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Hawks to hummingbirds: Study finds roads quieted by COVID-19 fill with birdsong

Of the 82 bird species in the study, 80 per cent of them changed their behaviour in places where the pandemic had altered circumstances.
Golly, a Harris Hawk, looks over the airfield at Vancouver International Airport as part of a program that uses predatory birds to scare off other birds from nesting and flying around the airport in Richmond, B.C., on Jan. 21, 2015. THE CANADIAN PRESS/Jonathan Hayward

New research shows that roads and runways quieted by COVID-19 are filling with birdsong instead.

University of Manitoba scientists led a study drawing on millions of sightings by amateur birders across North America that looked at how reduced travel in response to the pandemic has affected birds, from hawks to hummingbirds.

"We're focusing on where birds were seen during the pandemic compared to where they were seen in previous years," said lead author Nicola Koper.

"We saw quite strong changes in where birds were seen relative to ... traffic before the pandemic compared with during the pandemic."

To find answers, Koper and her colleagues looked to eBird, an online collaboration managed by Cornell University that brings together and organizes observations by hundreds of thousands of amateur bird watchers. 

The team crunched through 4.3 million individual bird sightings made between March and May from 2017 to 2020 across Canada and the United States. They located those sightings relative to major roadways, airports, and dense urban environments, compensating statistically for how the pandemic may have affected the behaviour of the birders themselves.

They then correlated those sightings with data on COVID-19 restrictions in each county for which they could get information. Koper said that the method ensures any changes were due to pandemic measures.

"If the effects are actually due to lockdowns, then we should see the biggest changes in behaviour in the places that have the biggest changes in traffic — close to major roads, airports, and in counties that had the strongest lockdowns."

That's exactly what they found. Of the 82 bird species in the study, 80 per cent of them changed their behaviour in places where the pandemic had altered circumstances.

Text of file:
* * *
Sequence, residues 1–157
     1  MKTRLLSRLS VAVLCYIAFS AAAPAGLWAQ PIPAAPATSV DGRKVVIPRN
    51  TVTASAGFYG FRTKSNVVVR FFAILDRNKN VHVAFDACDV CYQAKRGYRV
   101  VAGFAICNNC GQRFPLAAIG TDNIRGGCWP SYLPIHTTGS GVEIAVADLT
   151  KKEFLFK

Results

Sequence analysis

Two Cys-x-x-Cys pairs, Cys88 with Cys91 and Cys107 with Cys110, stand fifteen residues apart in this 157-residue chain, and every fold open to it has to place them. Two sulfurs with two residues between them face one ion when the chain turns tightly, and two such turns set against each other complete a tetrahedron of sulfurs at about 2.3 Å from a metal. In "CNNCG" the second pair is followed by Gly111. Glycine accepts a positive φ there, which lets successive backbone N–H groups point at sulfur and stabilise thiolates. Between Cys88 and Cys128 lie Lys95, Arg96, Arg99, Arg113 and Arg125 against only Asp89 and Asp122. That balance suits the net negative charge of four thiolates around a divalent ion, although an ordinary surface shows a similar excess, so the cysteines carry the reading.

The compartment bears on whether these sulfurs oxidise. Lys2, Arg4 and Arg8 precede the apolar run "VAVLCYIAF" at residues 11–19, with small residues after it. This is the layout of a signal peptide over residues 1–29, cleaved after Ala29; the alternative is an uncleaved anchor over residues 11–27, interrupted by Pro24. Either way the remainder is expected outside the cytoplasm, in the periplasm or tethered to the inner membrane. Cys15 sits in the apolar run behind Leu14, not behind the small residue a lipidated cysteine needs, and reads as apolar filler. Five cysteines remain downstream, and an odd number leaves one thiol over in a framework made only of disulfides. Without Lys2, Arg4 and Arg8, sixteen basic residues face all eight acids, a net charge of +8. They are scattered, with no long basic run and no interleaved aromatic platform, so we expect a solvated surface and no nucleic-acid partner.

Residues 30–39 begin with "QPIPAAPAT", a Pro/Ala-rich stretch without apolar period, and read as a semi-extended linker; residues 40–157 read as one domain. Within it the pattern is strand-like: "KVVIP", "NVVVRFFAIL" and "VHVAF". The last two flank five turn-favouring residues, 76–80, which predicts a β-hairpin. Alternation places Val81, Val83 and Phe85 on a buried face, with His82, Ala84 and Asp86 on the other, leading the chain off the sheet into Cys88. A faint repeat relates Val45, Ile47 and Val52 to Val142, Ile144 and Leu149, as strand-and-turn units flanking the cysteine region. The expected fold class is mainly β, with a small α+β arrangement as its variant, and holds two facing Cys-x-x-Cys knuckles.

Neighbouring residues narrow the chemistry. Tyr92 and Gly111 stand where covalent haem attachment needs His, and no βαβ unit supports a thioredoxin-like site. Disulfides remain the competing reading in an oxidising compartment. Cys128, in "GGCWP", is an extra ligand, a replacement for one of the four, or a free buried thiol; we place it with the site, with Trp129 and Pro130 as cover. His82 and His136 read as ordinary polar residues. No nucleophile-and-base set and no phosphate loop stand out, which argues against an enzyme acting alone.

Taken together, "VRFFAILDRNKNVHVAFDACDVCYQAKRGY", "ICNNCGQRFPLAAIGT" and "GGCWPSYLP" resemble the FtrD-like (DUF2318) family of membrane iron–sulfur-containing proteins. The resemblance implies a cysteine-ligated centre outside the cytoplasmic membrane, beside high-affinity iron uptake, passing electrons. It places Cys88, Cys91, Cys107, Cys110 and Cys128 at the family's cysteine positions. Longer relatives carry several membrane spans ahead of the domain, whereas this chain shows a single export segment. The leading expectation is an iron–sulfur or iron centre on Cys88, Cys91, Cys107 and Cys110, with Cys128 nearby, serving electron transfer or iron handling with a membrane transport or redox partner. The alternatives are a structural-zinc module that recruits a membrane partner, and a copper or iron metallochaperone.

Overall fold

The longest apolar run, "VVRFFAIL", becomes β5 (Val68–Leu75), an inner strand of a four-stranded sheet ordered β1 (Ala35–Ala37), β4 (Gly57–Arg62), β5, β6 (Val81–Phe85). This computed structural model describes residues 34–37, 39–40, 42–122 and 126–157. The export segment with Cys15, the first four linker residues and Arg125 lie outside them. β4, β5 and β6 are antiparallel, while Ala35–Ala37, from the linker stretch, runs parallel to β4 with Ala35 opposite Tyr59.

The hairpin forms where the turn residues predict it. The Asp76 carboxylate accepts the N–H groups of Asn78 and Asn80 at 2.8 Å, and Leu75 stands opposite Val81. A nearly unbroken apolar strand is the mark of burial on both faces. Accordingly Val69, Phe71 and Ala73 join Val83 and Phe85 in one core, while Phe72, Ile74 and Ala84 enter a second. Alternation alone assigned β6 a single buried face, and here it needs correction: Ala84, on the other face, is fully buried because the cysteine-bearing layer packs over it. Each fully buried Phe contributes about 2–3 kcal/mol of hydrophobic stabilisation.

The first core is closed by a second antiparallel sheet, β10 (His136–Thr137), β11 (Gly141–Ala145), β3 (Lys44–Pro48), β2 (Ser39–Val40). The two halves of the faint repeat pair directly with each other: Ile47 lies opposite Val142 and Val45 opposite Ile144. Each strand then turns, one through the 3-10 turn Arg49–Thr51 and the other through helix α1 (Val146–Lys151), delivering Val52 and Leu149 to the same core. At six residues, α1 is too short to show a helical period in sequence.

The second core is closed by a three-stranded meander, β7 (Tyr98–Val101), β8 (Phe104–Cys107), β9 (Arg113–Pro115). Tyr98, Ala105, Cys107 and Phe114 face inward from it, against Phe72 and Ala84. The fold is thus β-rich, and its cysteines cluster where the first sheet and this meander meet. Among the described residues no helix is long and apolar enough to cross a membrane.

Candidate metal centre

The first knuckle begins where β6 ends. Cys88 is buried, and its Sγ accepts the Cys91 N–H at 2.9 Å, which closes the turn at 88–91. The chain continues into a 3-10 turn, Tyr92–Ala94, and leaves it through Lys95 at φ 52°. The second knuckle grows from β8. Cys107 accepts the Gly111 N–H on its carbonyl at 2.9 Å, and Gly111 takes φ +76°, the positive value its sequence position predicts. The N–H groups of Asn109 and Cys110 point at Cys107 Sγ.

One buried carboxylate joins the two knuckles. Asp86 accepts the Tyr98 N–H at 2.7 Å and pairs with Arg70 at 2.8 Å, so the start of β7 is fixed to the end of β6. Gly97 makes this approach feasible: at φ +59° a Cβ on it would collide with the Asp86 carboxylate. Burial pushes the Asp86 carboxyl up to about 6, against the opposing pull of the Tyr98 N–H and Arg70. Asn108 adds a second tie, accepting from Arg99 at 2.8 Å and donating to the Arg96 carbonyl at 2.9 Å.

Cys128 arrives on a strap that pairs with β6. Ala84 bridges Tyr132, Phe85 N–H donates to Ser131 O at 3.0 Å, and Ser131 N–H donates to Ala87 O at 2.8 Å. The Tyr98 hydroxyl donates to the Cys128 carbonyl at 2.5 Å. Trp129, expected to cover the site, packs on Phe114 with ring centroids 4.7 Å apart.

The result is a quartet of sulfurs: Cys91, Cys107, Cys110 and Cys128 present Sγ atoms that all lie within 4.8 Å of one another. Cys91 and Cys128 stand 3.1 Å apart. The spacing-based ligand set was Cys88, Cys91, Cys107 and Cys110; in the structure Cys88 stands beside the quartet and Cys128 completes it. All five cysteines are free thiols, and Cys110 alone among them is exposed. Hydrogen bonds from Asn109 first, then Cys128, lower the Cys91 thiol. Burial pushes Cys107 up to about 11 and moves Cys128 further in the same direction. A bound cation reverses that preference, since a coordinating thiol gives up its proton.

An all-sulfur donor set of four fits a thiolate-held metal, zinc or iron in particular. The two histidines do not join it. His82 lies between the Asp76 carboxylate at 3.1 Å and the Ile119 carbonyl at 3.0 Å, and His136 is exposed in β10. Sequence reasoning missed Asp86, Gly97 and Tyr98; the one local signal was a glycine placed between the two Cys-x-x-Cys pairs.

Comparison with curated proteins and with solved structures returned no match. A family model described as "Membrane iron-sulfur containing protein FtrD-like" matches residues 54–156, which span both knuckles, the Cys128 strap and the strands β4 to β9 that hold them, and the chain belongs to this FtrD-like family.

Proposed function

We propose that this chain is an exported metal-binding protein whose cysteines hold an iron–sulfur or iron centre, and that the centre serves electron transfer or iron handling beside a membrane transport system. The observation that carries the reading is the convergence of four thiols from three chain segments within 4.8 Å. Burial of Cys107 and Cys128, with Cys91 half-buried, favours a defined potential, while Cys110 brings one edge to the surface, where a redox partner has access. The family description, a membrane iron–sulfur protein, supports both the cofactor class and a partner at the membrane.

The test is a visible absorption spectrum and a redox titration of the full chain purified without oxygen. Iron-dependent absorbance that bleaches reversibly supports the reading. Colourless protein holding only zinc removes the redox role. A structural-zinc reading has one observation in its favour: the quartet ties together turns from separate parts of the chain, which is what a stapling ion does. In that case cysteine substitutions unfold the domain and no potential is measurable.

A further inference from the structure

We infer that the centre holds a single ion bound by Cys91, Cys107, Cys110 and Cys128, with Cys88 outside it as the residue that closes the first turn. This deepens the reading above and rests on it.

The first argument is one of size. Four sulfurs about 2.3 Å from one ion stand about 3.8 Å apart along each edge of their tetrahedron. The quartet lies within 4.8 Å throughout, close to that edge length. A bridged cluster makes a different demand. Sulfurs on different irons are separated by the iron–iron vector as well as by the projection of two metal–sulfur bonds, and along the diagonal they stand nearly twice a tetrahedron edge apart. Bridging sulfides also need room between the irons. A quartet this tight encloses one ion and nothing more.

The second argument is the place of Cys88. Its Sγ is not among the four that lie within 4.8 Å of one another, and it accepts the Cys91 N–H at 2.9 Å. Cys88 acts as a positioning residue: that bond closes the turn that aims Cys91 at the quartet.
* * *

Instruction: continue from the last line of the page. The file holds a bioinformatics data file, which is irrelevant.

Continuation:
"Almost all the species we studied did change their location," Koper said.

Almost always, bird sightings were more abundant post-pandemic. Species were 14 times more likely to show increased rather than decreased counts.

The observation held even with birds that are most commonly seen in built environments — robins, for example.

"Even those species that we think of as being well-adapted to human landscapes are much more sensitive to them than we think," said Koper. "These common species have been much more impacted by humans than we recognized."

Some species sightings declined. Coots, a white-billed water bird common to sloughs and wetlands, were seen less often.

And some species went both up and down, depending on where you looked. Red-tailed hawks were seen more often along urban-rural margins, but less often near busy roadways.

"Maybe it had to do with less roadkill," Koper suggested.

The lesson from the research is that human-impacted environments — even asphalt-covered ones — are not necessarily avian dead zones. Given a little consideration, Koper said birds will live there.

"There's quite a lot of things we can do to reduce traffic," she said. 

Public transit would cut cars on the roads. So would working from home. Electric vehicles would at least cut the noise.

"There's habitat out there that isn't being fully utilized by birds," said Koper. "It's suitable except for the presence of traffic."

Previous studies have found that the number of birds in Canada and the U.S. has declined by 29 per cent over the past 50 years. Habitat loss is the biggest reason and anything that would give birds more room to live would help, Koper said.

"Habitat loss is the most significant problem that birds are facing today." 

This report by The Canadian Press was first published Sept. 22, 2021.

Bob Weber, The Canadian Press